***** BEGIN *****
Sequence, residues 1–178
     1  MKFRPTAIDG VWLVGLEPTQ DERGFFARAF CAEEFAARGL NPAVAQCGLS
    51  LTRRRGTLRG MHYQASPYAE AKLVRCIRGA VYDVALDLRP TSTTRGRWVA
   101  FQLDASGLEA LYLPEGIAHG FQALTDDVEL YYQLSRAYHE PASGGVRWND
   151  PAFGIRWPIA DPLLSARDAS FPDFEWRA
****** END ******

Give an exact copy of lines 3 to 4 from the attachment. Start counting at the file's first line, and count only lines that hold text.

    51  LTRRRGTLRG MHYQASPYAE AKLVRCIRGA VYDVALDLRP TSTTRGRWVA
   101  FQLDASGLEA LYLPEGIAHG FQALTDDVEL YYQLSRAYHE PASGGVRWND